Third strike being reconsidered |

Third strike being reconsidered

Megan Marshack, Mountain Democrat

A review of court documents reveals more about the three-strikes defendant who will be resentenced today in South Lake Tahoe.

Jeffrey Howard Gautier, 35, will appear before El Dorado County Judge Suzanne Kingsbury after he was granted a petition for a writ of habeas corpus.

Gautier was sentenced in 1998 to 25 years to life in prison by Superior Court Judge Eddie T. Keller. Gautier was found guilty of a felony — smuggling 5.9 grams of marijuana into the El Dorado County Jail — when he reported to serve his sentence Oct. 29, 1997, for driving with a suspended license.

He was sentenced to the felony under California’s Three Strikes law. For a second serious or violent felony, conviction means a sentence can be doubled. A third strike — any felony — and a defendant can be sentenced for the minimum 25 years to life.

District Attorney Gary Lacy said he would appear today asking for the court’s reconsideration on the resentencing because the court of appeals already considered the issue.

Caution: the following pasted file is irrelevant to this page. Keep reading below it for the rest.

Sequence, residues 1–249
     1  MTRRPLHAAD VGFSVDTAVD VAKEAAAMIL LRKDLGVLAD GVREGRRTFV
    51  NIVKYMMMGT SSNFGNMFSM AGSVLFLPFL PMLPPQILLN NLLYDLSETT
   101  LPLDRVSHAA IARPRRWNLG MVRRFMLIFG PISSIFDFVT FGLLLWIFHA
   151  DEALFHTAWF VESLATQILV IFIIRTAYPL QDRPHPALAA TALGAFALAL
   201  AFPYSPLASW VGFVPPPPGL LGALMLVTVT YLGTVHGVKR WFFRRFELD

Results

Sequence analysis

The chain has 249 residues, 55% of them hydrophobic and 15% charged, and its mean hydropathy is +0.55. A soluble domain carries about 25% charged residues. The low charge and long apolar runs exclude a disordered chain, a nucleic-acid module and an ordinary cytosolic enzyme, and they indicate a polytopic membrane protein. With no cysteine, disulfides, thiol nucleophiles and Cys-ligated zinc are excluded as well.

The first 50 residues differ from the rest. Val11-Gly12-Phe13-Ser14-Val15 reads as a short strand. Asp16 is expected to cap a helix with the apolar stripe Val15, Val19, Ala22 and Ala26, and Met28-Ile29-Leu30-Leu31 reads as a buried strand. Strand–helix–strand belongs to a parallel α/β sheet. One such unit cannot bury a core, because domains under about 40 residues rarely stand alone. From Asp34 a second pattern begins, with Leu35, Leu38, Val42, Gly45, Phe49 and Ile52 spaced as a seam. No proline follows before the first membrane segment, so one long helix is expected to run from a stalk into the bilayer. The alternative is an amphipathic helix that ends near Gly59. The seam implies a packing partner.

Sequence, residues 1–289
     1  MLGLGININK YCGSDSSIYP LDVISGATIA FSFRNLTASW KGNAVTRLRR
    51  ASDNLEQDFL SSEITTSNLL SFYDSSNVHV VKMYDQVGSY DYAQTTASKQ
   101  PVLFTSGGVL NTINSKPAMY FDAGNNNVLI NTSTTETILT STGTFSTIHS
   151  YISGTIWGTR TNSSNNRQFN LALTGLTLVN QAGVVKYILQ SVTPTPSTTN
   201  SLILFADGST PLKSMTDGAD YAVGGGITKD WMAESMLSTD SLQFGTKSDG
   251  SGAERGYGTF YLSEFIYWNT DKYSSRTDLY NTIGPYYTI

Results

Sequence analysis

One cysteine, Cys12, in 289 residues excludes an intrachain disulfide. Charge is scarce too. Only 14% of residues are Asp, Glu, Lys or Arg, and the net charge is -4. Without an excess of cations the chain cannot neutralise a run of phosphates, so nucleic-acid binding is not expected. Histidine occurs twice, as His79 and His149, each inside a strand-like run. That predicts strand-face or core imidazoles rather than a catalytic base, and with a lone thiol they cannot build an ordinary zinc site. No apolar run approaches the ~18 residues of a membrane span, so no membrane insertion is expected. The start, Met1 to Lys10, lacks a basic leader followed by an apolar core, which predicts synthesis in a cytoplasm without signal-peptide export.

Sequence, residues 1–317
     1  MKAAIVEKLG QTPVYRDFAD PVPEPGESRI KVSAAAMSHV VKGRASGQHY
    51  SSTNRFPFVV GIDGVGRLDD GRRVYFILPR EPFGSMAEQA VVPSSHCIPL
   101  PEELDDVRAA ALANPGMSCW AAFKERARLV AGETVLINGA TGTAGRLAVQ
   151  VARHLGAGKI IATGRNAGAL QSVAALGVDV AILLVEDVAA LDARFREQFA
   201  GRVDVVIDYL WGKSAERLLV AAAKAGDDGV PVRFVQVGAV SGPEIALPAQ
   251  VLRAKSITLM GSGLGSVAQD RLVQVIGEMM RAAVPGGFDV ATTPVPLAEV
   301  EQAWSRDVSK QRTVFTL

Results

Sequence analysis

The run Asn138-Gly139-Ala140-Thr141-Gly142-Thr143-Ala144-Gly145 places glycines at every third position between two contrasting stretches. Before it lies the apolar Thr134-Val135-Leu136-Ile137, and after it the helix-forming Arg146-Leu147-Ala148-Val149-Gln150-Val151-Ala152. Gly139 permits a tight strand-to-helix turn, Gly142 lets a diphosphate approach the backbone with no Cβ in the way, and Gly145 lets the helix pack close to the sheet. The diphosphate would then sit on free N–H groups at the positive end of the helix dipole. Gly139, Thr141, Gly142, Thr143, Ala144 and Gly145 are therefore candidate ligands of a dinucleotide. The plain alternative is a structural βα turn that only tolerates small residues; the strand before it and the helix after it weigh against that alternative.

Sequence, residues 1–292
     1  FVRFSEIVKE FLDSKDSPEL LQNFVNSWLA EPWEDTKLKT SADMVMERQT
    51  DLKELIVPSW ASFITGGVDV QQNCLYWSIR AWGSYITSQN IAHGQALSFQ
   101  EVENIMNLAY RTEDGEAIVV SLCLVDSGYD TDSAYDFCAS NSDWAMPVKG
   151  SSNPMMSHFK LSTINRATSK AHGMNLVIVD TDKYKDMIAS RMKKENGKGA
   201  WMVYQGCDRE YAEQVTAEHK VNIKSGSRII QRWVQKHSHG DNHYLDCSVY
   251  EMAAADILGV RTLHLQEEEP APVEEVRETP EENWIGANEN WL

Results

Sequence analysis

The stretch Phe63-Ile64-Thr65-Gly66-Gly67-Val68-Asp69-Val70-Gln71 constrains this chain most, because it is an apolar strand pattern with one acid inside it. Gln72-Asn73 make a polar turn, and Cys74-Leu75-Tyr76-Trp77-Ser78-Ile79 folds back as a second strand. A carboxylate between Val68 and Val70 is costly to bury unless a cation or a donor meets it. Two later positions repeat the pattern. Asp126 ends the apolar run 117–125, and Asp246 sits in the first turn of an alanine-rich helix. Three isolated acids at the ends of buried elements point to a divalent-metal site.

In granting the petition for the writ, Judge Kingsbury wrote: “The Court believes that possession of 5.9 grams of marijuana, even if brought into a jail, does not present a significant danger to society.

“While petitioner has a long criminal history, 28 years to life for possession of this small amount of marijuana does shock the conscience of this Court.”

The U.S. Supreme Court has said the justices will be looking at two California three-strike cases where the third felony appeared to be relatively minor. The constitutional issue is the Eighth Amendment barring cruel and unusual punishment.

Gautier admitted to two prior convictions for first-degree burglary, one prior conviction for assault with a deadly weapon and three prior prison terms.

But he appealed on the grounds that a motion to suppress could not be fully litigated, and the motion was not granted.

“He denied that any of his prior convictions were serious or violent felonies within the meaning of the Three Strikes law,” wrote Daniel M. Kolkey, one of the three associate justices of the California Court of Appeal, Third Appellate District, who ruled on Gautier’s appeal.

The trial court found that Gautier’s prior assault conviction qualified as a serious felony within the meaning of the Three Strikes law, Kolkey wrote.

The appeals court found Gautier’s sentence of 28 years to life did not constitute cruel and unusual punishment.

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